According to Kerry, “John has a huge legacy in Scotch whisky and a great nose, and we’re delighted to be working with and learning from such an expert to produce the first whisky from 8 Doors Distillery. The idea of working with a small, independent distillery that’s focusing on maturation as much as distillation really appealed to John and he’s sharing his wealth of knowledge with us.”
The pair of stills in use at 8 Doors Distillery (a 1,700-litre wash still and 1,300-litre spirit still) were fabricated on Speyside, while the mashing and fermenting kit was sourced from an Edinburgh brewery that was being converted into a garden centre. According to Sutherland, “We have opted for longer fermentations to create fruitiness, and low and slow distillation… We get one hogshead-worth per distillation, and because we are right by the sea, we’re expecting a maritime influence from maturation.”
Sutherland explains that, being ex-brewery kit, the mashing set-up actually includes a mash conversion vessel rather than a mash tun, opening a door for the distillery to use grains other than barley in the future. That said, he adds that the team would love to grow their own Bere barley – a six-rowed spring barley variety which dates back to the eighth century and is likely to have been introduced by Norse settlers – and have it ground at the local community-owned mill.
First, however, it is a case of laying down some core stock – in a mix of first-fill American oak and European oak octaves, quarter casks, and hogsheads – in order to keep the accountant in Derek happy. And Sutherland’s point about the influence of the nearby sea on maturation is being kept firmly in mind. Kerry details plans to buy in whisky and finish it in 8 Doors’ warehouse to track the influence of the maritime atmosphere, as well as releasing independent bottlings.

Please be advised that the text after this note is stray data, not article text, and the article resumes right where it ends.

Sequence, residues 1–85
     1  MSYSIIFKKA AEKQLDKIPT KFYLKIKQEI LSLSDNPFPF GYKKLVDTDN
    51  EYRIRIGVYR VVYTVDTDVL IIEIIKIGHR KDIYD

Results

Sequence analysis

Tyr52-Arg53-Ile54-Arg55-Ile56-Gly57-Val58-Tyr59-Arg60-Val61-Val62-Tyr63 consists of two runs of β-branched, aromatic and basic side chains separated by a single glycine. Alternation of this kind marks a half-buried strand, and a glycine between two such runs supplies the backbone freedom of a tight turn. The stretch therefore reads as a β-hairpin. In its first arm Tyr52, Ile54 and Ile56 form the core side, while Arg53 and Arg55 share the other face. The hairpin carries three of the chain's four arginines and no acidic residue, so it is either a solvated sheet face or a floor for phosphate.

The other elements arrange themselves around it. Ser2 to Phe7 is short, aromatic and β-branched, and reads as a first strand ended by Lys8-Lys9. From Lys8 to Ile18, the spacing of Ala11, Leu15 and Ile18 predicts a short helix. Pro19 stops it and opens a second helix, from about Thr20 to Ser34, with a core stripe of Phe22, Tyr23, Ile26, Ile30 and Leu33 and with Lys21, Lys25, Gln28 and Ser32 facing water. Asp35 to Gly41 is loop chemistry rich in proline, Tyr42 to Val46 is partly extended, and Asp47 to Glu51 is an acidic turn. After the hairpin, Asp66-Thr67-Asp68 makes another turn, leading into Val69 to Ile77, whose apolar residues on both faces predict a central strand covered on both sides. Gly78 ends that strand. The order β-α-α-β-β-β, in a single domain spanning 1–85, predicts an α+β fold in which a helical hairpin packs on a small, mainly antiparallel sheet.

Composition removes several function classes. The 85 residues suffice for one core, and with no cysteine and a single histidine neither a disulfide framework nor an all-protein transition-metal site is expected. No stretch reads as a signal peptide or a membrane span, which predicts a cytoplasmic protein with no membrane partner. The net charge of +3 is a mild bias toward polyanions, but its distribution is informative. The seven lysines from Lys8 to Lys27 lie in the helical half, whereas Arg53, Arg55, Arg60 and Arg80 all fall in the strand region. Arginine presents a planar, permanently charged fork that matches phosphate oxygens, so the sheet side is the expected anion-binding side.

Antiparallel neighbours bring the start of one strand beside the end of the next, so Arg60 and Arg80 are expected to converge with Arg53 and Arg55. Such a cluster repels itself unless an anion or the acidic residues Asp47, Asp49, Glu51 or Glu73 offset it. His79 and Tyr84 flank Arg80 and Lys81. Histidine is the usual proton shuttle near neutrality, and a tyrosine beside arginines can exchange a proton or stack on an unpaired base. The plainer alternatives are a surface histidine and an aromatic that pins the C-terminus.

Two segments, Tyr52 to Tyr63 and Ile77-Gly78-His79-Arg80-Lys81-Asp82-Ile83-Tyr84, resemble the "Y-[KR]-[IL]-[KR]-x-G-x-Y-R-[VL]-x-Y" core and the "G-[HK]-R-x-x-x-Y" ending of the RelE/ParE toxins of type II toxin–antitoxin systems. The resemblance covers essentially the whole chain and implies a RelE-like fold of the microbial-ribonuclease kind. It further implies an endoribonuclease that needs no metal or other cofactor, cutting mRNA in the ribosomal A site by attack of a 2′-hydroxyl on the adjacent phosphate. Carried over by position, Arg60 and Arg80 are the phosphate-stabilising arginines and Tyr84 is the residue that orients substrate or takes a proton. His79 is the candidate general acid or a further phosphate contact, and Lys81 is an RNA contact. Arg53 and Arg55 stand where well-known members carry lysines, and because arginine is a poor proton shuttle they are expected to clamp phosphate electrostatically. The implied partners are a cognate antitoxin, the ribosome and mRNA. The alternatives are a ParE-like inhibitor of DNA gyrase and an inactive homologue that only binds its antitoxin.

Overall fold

She adds, “Some of the 8 Doors spirit being filled into octaves may mature quite early and could be ready after five years, but we won’t do anything too early. We have other income streams which should be sufficient to ensure there is no pressure to release our own whisky too soon.”
Those income streams include a range of third-party whiskies, with hand-bottling of some products being undertaken on site. The first release was the eight-year-old Seven Sons blended Scotch, which contains 40 per cent malt matured in first-fill sherry-seasoned European oak casks, and an eight-year-old blended malt, aged in one first-fill sherry-seasoned European oak hogshead and limited to just 461 bottles (unsurprisingly, it sold out rapidly). Subsequently, there have been small-batch releases of Seven Sons 10 Years Old Aultmore and Seven Sons 8 Years Old Ruadh Maor (peated Glenturret,) while Five Ways Liqueur combines Scotch whisky with orange, ginger, honey, and spice.
These bottlings take pride of place in the enticing visitor centre and shop adjacent to the production area, where stunning views over the Pentland Firth to Orkney encourage visitors to settle down and enjoy a dram or two in the Whisky Lounge, which is open seven days a week during most of the year.
Tours of the distillery and tastings are available, while the Whisky Lounge boasts a wood-burning stove, a well-equipped whisky bar, and a selection of fine coffees, local traybakes, and cocktails, as well as the chance to sample a Seven Sons whisky coffee.
Then there’s the 874 Club. It was launched by 8 Doors to offer 250 casks of newly distilled 8 Doors spirit, which sold out in a matter of days. However, it is still possible to get involved with the distillery in its early days; core membership of the 874 Club is available to 1,250 people, who will receive one 70cl bottle of its inaugural release in due course, along with three bottles of Highland single malt whisky, selected and matured in first-fill European oak casks with bespoke seasoning under the expert eye of Ramsay.
The couple certainly seem to have the passion required for such a project. “We love whisky and we love where we live,” Kerry says. “It’s a very special corner of Scotland with endless skies and miles of breathtaking coastline. Now, we’re making our dream a reality.”